Biden Spokesman: Ignore Joe on Fracking

Tom Finnerty17 Mar, 2020 3 Min Read
To frack or not to frack?

Joe Biden's campaign team are furious about the outrageous distortions coming from Republicans about his position on fracking. And how could they not be, when prominent Republicans such as RNC chairwoman Ronna McDaniel are out there tweeting outrageous falsehoods like: "There are 7.3M Americans whose jobs depend on fracking. Biden and Bernie would eliminate them."

Unbelievable! I mean, when Bernie Sanders said he wanted to stop “fracking as soon as we possibly can,” and that he was “talking about telling the fossil fuel industry that they are going to stop destroying this planet—no ifs, buts and maybes about it” in the debate the other night, Biden replied "So am I!" His position is as clear as the noonday sun! Oh, or, er, maybe not so much...

A quick look at Biden's website's climate section isn't much of a help either -- lots of stuff about how "the Green New Deal is a crucial framework for meeting the climate challenges we face" and how Uncle Joe will ensure that "the U.S. achieves a 100% clean energy economy and net-zero emissions no later than 2050" -- when the 77-year-old Biden will be long dead. Nothing, however, about fracking. Luckily his trusty spokesmen were available to clear things up:

A spokesman for Mr. Biden’s campaign clarified that the former vice president wouldn’t ban fracking, which is now commonly used to produce natural gas and oil in key states with blue-collar voters like Pennsylvania, Ohio and Colorado. He was referring only to his stated policy to ban new permits for oil and gas drilling on federal land and offshore, the spokesman added.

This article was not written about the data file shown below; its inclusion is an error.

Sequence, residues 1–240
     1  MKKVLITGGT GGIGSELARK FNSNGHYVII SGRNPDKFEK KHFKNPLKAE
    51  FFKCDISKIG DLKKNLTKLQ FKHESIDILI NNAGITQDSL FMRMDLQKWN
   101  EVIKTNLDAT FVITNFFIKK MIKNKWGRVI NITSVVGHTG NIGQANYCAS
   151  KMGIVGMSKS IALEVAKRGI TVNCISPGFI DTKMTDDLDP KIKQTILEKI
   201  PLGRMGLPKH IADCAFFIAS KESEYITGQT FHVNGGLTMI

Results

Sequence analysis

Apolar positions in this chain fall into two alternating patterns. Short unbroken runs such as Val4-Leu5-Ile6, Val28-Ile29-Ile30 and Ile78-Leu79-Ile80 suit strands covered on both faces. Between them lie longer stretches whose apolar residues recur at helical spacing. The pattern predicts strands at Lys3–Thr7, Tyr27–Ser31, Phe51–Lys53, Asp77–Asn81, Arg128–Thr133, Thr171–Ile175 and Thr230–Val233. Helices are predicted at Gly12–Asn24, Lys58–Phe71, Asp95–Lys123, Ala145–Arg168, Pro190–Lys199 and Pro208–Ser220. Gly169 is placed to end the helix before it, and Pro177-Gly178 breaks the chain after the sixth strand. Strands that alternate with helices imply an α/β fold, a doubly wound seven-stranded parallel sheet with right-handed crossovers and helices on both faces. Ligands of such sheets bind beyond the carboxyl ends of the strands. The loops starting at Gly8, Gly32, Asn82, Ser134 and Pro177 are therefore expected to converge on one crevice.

Thanks! Maybe that guy should be running for president...

Which isn't to say it is a policy that makes any sense. In fact, it sounds like a policy cooked up entirely by campaign spokesmen, who are terrified of the environmentalist death cult that wields so much power in the media and in the Democratic Party (but I repeat myself), yet also knows that hydraulic fracturing employs lots of working-class men and women in the Rust Belt who are ready and willing to vote against candidates of either party who don't have their economic and social interests at heart.

Those are the voters who got Trump over the finish line in 2016 in several important states, and who Team Biden is hoping will give him a good long look as long as he doesn't say anything too stupid, like that he's planning to wipe out their jobs in the first year of his presidency. Which doesn't mean he wouldn't -- once he's in, he can relax and let his aides govern the country however his handlers see fit. Or, if he lives that long, his potential vice president.

It's also idiotic because aside from employing a great many people in states that need the jobs, fracking has also done exactly what lefties are always promising us that wind and solar power will do. From a recent report from the International Energy Agency entitled Global CO2 emissions in 2019:

The United States saw the largest decline in energy-related CO2 emissions in 2019 on a country basis – a fall of 140 Mt, or 2.9%, to 4.8 Gt. US emissions are now down almost 1 Gt from their peak in the year 2000, the largest absolute decline by any country over that period. A 15% reduction in the use of coal for power generation underpinned the decline in overall US emissions in 2019. Coal-fired power plants faced even stronger competition from natural gas-fired generation, with benchmark gas prices an average of 45% lower than 2018 levels. As a result, gas increased its share in electricity generation to a record high of 37%.

Which is to say that banning fracking would be bad for the environment, because it would mean burning more coal. And banning the expansion of fracking would be relatively bad for the environment because it would prevent clean natural gas from replacing coal as a reliable and low-carbon energy source.

So maybe Joe's campaign team should think a little harder on this topic. And then maybe they can tattoo the results on the palm of their candidate's hand so he can refer to them whenever the topic comes up.

Tom Finnerty writes from New England and Ontario.

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